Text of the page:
Entertainment hub not the right brand

I am happy that U2 is about to rock the hill here in Moncton – although after toying with the idea for weeks, I decided against going.

From an economic development perspective, however; I want to reiterate my objection to former Premier Graham’s comment that “Saint John was the energy hub, Fredericton was the IT hub and Moncton was the entertainment hub”.  If that was the priority of government, Moncton would have drawn the short end of the stick.

Entertainment is an important sector of the economy.  It supports quality of life objectives. It supports the tourism sector.  It gives some visibility to a community (particularly things like large concerts).   But in terms of branding a community or making entertainment a primary focus, I think that is more problematic.

Wage levels in entertainment, food service, accommodation and other related sectors are at the low end of the scale.  In contrast, energy and IT wage levels are well above average.  That alone should give pause to those who like the idea of entertainment.

So let’s have fun.  A tip of the hat to city hall for attracting these concerts.  But the branding should be about something more ambitious.

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4 Responses to Entertainment hub not the right brand

  1. I don’t think anybody in Moncton sees the city merely as an entertainment hub. The concerts and similar events are just one aspect of something more general.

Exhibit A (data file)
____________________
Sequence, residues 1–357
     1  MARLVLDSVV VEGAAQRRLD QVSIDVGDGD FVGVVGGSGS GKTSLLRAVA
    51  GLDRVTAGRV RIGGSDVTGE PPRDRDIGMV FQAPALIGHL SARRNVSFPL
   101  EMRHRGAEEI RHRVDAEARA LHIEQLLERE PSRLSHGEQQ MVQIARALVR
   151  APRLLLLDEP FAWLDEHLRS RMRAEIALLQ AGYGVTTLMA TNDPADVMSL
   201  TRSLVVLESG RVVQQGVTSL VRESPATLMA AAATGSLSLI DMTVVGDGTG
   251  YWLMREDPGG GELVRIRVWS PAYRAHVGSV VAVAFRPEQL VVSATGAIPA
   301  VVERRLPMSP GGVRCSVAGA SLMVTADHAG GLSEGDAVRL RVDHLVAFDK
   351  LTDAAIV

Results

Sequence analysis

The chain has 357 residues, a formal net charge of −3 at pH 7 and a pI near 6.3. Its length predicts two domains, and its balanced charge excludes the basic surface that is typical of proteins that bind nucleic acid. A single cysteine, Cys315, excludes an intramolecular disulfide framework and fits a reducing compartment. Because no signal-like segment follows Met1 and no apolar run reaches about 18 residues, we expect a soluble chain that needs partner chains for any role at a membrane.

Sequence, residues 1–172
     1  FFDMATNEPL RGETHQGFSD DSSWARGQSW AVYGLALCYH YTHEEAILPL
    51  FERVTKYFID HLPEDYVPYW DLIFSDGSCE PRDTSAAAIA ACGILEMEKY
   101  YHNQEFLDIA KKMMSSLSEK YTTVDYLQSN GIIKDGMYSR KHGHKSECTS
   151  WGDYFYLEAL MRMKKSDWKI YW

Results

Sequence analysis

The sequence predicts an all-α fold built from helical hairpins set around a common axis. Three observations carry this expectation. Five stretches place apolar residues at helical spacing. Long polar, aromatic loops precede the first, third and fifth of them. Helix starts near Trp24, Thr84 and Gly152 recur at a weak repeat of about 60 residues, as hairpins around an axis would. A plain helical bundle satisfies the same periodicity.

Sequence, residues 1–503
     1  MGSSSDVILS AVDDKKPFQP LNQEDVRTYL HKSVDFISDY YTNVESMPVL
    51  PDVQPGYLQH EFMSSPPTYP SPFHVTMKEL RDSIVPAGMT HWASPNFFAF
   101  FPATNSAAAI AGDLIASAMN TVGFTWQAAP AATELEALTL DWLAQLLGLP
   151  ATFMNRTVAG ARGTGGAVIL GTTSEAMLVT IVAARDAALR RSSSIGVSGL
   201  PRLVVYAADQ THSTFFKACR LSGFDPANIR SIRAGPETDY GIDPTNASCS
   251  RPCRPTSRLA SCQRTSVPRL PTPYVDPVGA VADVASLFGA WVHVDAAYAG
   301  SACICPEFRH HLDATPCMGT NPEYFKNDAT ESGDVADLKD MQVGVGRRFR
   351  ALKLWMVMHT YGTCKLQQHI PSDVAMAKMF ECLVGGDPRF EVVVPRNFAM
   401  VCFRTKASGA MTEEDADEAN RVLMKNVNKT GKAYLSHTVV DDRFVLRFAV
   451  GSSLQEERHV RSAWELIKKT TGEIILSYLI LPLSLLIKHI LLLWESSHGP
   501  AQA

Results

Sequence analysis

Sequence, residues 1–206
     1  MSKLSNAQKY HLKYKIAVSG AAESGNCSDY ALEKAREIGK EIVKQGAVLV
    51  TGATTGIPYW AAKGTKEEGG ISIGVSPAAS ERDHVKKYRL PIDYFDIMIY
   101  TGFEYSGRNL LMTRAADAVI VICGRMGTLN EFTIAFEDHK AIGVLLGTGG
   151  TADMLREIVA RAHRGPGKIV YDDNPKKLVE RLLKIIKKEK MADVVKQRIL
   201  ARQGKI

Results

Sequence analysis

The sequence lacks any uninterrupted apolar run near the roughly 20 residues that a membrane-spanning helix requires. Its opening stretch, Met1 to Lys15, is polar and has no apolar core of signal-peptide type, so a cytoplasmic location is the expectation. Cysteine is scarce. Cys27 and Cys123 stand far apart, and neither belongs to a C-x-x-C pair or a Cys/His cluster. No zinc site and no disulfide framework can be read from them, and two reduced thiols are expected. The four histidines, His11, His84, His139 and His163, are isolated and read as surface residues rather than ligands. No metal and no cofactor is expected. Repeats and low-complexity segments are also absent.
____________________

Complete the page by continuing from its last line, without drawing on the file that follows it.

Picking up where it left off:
Specifically, Moncton has benefited greatly from the transportation infrastructure developed in the 80s and 90s, especially the highways and the airport. It is the transportation and communications hub of Atlantic Canada.

    This has drawn into the city a wide range of services. Perhaps the most visible, outside the entertainment industry, have been health services; there has been an explosion of clinics, specialist services, and other health-related ventures in the last decade.

    Moncton will eventually also be the regional hub for the electronics and information services industry (which requires very good air connections) but government policy has been slowing this down. Moncton is also a natural location for processing (or agricultural, forestry and marine products) and shipping, but a local monopoly makes grown in this industry stagnant.

  2. (‘growth’, ‘not ‘grown’).

  3. mikel says:

    To make a comparison, how much money flows into Hollywood as an ‘entertainment hub’. There is a BIG difference between being a consumer of entertainment, and being a creator of it. In the creation of it, you develop a market and jobs, in being a consumer, well, frankly, once the concert is over, what is the economic impact of people who sit around saying “hey, remember when we blew a hundred dollars to see U2″?

  4. Will says:

    Mike makes a good point. With technology like Skype we can attract knowledge workers such as in IT (startups and consultants) – for them to work remotely from the beauty and solitude of New Brunswick. The can be much higher paying than call centre jobs – we’re talking in the 80-$100/hr range or more for roles like integration developer or architects. For any naysayers, I moved here a year ago and found contracts for large remote US and Canadian clients. No need to be in a large city anymore.

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